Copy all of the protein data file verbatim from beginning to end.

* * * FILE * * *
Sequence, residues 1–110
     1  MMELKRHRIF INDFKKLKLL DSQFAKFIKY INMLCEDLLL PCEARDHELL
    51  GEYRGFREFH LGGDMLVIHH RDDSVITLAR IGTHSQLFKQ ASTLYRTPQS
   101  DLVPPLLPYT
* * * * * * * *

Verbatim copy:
Sequence, residues 1–110
     1  MMELKRHRIF INDFKKLKLL DSQFAKFIKY INMLCEDLLL PCEARDHELL
    51  GEYRGFREFH LGGDMLVIHH RDDSVITLAR IGTHSQLFKQ ASTLYRTPQS
   101  DLVPPLLPYT